For 2022, Specialized are targeting the gravel scene with the new S-Works Crux. To do so, the Californian brand have increased the bike’s tire clearance and reduced its weight, crossing its cyclocross genes with the lightweight technology of the Specialized S-Works Aethos. But can it deliver in the real world? We put it to the test!

Many of you will associate the Specialized S-Works Crux with the world’s biggest cyclocross events. Rightly so since this is where this bike’s home was for a long time. That will now change to some extent, though, as the steadily growing gravel market promises to be a lot more lucrative.

Specialized S-Works Crux 2022 | 7.15 kg in size 56 | € 12,800 | Manufacturer’s Website

Since cyclocross and gravel partially overlap, it’s not surprising that some riders have chosen the Crux for fast-paced gravel races in the past and that the bike has been successful in this discipline too. As such, it only seems logical for Specialized to take this step and officially market the Crux as a gravel bike. But is it more than just marketing and has the conversion been successful?

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The design of the 2022 Specialized S-Works Crux

The 2022 Specialized Crux relies on the same weight saving technology as the Specialized Aethos (review here), which is undeniable. At first glance, the bike looks like a gravel Aethos and it also has the same design features as Specialized’s lightweight all-road bike. For example, the cables around the cockpit of the S-Works Crux aren’t fully integrated, instead they’re routed externally from the bars and enter the frame behind the head tube, which we’re rather surprised to see at this price point. The seat post clamp is no longer integrated either, which seems like a step back from the previous model. While hobby gravellers might be put off by the looks or the cables interfering with handlebar bags, it makes life a whole lot easier for professional mechanics in CX races. External cockpit cables and a classic handlebar/stem combo also allow you to swap out components a lot more quickly, offering riders a much wider range of customisation options when dialling in the fit and riding position. Moreover, the designers had to make a few compromises in the interest of saving weight, as more integration usually means more weight. Apart from that, you won’t find dropped seat stays on the Crux either. Ultimately, the bike has more of a classic look along the lines of the Specialized Aethos.

The Specialized S-Works Crux features a threaded bottom bracket – great!
The seat post clamp isn’t integrated, which is a step back from the previous model.
We would have also liked the cables at the cockpit of the Specialized S-Works Crux to be integrated more fully. However, thanks to the wireless SRAM RED eTap AXS groupset, the cables are kept to a minimum.

Frame and geometry of the new Specialized gravel racer

Low stack and long reach: the geometry of the 2022 Specialized S-Works Crux is based on the cyclocross geometry of the previous model. This results in an aggressive, stretched riding position that feels integrated with the bike, keeping you centred and always in control of the agile handling. The moment you swing your leg over the S-Works Crux, the riding position motivates you to do a maximum effort lap rather than to go for a casual spin. This seems to be in line with the bike’s intentions: apart from three sets of bottle cages – two in the front triangle and one under the down tube – there are no other mounting points for bikepacking bags. The Roval Terra handlebar is on the racier side, too, with a compact 103 mm drop and 12° flare. While the flare doesn’t affect the riding position much, it gives you more control. If you want more drop or flare, you can easily swap the handlebar thanks to the classic stem. Despite the UCI approved cyclocross geometry, the S-Works Crux offers the same 47 mm tire clearances as the Specialized Diverge, aiming it squarely at the gravel scene since 700 x 47C tires are a great choice for almost all types of gravel riding. See the table below for the full geometry figures.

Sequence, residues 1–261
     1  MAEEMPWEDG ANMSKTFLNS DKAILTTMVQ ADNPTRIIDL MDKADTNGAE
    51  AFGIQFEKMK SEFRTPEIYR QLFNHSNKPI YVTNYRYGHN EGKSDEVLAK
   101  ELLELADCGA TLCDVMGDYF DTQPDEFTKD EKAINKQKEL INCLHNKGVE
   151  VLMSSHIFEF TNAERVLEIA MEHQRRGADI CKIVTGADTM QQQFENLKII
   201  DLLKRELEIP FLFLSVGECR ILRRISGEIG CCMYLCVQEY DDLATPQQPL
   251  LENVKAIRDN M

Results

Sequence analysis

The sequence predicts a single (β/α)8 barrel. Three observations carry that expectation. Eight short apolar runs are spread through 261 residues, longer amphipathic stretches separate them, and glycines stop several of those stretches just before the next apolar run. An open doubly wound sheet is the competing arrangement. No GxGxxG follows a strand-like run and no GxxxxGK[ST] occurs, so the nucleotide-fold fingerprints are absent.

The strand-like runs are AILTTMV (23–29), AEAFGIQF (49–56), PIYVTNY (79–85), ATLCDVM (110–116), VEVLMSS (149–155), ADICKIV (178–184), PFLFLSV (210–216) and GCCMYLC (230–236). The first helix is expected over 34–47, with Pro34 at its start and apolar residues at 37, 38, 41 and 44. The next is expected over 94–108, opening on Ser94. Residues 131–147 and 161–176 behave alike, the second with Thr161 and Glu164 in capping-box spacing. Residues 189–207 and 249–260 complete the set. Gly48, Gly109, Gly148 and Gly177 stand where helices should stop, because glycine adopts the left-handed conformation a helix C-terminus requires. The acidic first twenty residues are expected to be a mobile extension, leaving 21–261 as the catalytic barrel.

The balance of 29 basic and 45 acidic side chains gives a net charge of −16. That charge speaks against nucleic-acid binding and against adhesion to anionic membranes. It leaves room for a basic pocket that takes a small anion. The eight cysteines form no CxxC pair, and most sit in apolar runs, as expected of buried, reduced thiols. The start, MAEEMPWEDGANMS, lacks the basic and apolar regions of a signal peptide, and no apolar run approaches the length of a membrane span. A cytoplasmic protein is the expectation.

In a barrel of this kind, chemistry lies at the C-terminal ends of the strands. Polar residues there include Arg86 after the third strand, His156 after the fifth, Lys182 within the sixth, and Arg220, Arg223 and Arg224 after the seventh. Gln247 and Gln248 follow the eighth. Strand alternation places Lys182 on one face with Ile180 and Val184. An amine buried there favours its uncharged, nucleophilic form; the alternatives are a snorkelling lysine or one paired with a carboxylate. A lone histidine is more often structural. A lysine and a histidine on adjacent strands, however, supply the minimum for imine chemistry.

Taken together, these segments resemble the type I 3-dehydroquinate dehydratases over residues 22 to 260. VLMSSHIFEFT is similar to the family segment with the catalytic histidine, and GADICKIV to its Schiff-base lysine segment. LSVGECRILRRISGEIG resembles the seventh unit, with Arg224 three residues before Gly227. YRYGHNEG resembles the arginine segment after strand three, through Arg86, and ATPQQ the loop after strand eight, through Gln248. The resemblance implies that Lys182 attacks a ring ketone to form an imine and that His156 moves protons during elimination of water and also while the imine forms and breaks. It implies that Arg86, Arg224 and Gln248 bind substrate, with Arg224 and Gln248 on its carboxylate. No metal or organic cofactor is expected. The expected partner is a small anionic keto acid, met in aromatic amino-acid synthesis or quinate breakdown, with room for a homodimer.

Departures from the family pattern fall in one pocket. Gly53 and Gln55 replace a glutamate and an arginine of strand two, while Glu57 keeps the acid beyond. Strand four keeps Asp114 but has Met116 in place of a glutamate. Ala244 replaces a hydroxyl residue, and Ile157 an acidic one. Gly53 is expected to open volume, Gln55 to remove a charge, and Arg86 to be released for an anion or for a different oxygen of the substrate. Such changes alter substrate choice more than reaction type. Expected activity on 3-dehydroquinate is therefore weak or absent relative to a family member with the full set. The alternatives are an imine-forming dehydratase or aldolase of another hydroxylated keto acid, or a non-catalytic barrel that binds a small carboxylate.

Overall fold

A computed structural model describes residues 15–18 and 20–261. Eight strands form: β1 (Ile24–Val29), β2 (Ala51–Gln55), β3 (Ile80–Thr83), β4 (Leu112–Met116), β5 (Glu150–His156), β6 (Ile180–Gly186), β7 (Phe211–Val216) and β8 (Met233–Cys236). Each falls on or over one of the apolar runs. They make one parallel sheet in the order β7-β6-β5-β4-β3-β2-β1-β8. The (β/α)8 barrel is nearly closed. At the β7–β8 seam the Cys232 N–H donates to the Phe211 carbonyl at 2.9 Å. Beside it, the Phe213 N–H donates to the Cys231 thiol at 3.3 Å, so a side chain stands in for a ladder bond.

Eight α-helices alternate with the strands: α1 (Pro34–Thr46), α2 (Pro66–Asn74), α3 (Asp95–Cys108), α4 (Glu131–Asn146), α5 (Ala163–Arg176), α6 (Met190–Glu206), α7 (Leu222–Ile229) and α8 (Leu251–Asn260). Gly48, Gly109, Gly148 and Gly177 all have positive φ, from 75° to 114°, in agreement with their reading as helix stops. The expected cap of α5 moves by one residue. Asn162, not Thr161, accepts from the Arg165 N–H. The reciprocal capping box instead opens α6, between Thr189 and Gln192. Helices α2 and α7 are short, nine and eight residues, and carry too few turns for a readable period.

Size 49 52 54 56 58 61
Seat tube 466 mm 496 mm 521 mm 546 mm 576 mm 606 mm
Top tube 512 mm 539 mm 549 mm 568 mm 582 mm 599 mm
Head tube 100 mm 115 mm 130 mm 147 mm 167 mm 190 mm
Head angle 70.5° 71.25° 71.5° 72° 72.25° 72.5°
Seat angle 75.5° 74° 74° 73.5° 73.5° 73.5°
Chainstays 425 mm 425 mm 425 mm 425 mm 425 mm 425 mm
BB Drop 74 mm 74 mm 72 mm 72 mm 72 mm 72 mm
Wheelbase 1,008 mm 1,014 mm 1,023 mm 1,033 mm 1,045 mm 1,059 mm
Reach 375 mm 382 mm 388 mm 397 mm 405 mm 415 mm
Stack 530 mm 547 mm 560 mm 578 mm 598 mm 621 mm

The components of the 2022 Specialized S-Works Crux

For the components of the 2022 S-Works Crux, Specialized have reached for SRAM’s top shelf, equipping the bike with the RED eTap AXS groupset, though with the XPLR version of the derailleur and cassette. This combination works excellently on the S-Works Crux. The 1×12 drivetrain consists of a 40 t chainring and a 10–44 t cassette, which only falls short on very fast stretches of asphalt. Other than that, the gear range is wide enough for almost all speeds while allowing you to get up most climbs – especially considering the bike’s low weight and that you’re unlikely to be hauling luggage on the Crux. Thanks to the 1x drivetrain, the shifting logic is super simple: left shifts down, right shifts up. If you prefer it the other way around, you can reverse it in the SRAM app. Speaking of which, the shifters don’t rattle even on the roughest terrain, unlike earlier RED eTap AXS levers. SRAM seem to have finally addressed this issue on the current model. The SRAM RED eTap AXS crank features a dual-sided power metre as standard, meeting our expectations of a bike in this price range and the intended use of the Crux. The SRAM components are combined with a 27.2 mm Roval Alpinist seat post. For more freedom of movement when going off-road, it can be replaced by a 27.2 mm dropper post, for which the frame has internal cable routing. The Terra CLX wheels are also supplied by Roval, which are a great choice for the Specialized S-Works Crux. With an internal width of 25 mm, they happily accommodate high-volume tires, and the 32 mm rim depth is slightly aero while remaining nice and light for the climbs. The 700 x 38C